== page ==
“Up to 50,000 refugees are hiding in China today and live in fear of being hunted down by the Chinese police. The journey to freedom is long and very difficult. Many women are trafficked once they cross the border, and are often sold to Chinese men. China sees North Korean refugees as illegal migrants, so if they’re caught, they’ll be sent back to possibly end up in political prison camp or executed.”
Overnight, the statistics became a reality as Kira and Justin met North Korean refugees, one of the first being Mi Sun. Her story, told by Kira, is unimaginable….
“At the age of 11, Mi Sun’s mother escaped to China to ﬁnd food for her family but never returned. Mi Sun was the oldest child and assumed the responsibility as the adult and became the caregiver for her siblings. She had no money, and no one to turn to. Her only option was to make the dangerous escape out of North Korea and into China to ﬁnd a way to provide for her family. Like many North Korean females in China, she was trafﬁcked as soon as she crossed the border. At the age of 12, she was bought by a Chinese man who was more than 20 years older than she. He would loan Mi Sun out to karaoke bars and sex chatting services. The little money she did earn, was sent back to her younger siblings in North Korea. We met Mi Sun when she was 22, still belonging t0 the Chinese man! She asked us if there was a way to leave China and if we could help her. In that moment, there was nothing we could do – we felt so helpless. I knew that we had to do more to help people like Mi Sun. If people around the world knew what was happening, they would not stand for it.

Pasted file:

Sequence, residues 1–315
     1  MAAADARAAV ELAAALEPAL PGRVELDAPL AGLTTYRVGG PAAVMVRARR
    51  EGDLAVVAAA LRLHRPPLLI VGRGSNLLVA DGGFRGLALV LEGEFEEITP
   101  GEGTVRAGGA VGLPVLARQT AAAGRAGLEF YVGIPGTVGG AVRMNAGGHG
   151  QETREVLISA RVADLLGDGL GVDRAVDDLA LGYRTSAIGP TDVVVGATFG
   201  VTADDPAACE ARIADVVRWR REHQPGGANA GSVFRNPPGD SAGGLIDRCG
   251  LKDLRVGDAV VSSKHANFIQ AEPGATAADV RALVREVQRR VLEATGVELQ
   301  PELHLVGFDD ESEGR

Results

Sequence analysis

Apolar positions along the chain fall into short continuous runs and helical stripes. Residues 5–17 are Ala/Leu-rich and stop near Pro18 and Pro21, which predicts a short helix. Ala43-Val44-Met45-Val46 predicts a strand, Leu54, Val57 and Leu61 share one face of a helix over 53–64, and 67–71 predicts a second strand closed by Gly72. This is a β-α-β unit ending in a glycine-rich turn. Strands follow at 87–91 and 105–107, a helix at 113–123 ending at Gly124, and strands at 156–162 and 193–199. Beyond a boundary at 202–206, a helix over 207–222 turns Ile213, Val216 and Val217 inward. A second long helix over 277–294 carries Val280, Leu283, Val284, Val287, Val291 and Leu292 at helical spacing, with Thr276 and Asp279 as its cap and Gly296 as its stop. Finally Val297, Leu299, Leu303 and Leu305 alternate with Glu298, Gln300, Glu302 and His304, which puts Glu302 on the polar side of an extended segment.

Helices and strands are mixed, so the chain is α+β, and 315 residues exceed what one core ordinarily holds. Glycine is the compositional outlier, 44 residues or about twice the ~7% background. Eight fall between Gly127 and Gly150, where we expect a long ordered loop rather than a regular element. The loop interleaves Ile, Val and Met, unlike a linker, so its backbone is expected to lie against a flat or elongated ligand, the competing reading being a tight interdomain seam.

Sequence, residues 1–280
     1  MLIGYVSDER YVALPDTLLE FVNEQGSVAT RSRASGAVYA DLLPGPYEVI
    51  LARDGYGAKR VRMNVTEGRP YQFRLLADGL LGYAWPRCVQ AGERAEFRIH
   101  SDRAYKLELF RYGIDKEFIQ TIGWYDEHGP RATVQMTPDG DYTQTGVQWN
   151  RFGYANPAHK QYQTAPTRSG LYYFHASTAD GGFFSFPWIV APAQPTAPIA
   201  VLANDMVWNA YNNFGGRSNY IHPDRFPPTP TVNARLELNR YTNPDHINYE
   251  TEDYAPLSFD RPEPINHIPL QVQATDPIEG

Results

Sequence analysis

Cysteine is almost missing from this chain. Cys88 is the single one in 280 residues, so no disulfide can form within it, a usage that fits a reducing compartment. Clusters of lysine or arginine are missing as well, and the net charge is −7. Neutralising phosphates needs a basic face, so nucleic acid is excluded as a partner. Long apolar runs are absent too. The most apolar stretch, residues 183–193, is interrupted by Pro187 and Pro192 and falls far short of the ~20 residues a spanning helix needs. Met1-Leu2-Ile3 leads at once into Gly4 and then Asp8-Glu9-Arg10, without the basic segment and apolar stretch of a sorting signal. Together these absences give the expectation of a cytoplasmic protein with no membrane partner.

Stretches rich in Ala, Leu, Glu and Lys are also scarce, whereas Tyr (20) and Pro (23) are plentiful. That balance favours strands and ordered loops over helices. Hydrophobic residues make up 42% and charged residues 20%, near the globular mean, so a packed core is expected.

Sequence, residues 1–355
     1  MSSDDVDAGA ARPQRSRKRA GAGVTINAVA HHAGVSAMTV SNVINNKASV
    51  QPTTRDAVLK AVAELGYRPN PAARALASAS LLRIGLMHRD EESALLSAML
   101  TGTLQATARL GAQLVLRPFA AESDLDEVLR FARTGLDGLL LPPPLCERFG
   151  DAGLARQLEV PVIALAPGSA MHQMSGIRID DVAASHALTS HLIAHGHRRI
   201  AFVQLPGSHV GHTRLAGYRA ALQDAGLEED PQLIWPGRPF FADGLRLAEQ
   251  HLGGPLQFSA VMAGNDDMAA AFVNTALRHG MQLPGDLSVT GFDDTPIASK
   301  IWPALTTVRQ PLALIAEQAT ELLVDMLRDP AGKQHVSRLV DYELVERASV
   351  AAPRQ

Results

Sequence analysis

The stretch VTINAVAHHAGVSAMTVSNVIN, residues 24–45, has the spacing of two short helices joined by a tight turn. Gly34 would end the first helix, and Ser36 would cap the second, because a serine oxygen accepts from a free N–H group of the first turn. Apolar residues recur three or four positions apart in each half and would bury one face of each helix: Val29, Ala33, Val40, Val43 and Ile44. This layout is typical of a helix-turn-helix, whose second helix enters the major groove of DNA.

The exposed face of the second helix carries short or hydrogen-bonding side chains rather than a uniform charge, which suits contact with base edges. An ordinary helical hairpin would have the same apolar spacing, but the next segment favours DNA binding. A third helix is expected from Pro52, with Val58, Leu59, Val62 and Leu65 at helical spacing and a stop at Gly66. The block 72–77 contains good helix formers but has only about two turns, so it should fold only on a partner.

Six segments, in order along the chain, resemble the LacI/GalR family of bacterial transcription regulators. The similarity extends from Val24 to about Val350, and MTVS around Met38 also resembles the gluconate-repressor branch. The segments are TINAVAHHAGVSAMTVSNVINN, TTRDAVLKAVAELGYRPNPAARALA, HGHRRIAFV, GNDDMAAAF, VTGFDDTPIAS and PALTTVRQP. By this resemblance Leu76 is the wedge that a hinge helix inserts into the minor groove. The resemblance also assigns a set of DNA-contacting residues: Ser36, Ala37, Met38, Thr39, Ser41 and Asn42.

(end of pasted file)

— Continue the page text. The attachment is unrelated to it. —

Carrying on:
When we got back to the states, we began working on starting a non proﬁt. This was the hardest part of our journey. We had no income, and so we took part time jobs working at a grocery store and Jamba Juice. We relied on the support and prayers of our family and friends. It was a trying time, but as our marriage grew, so did our faith.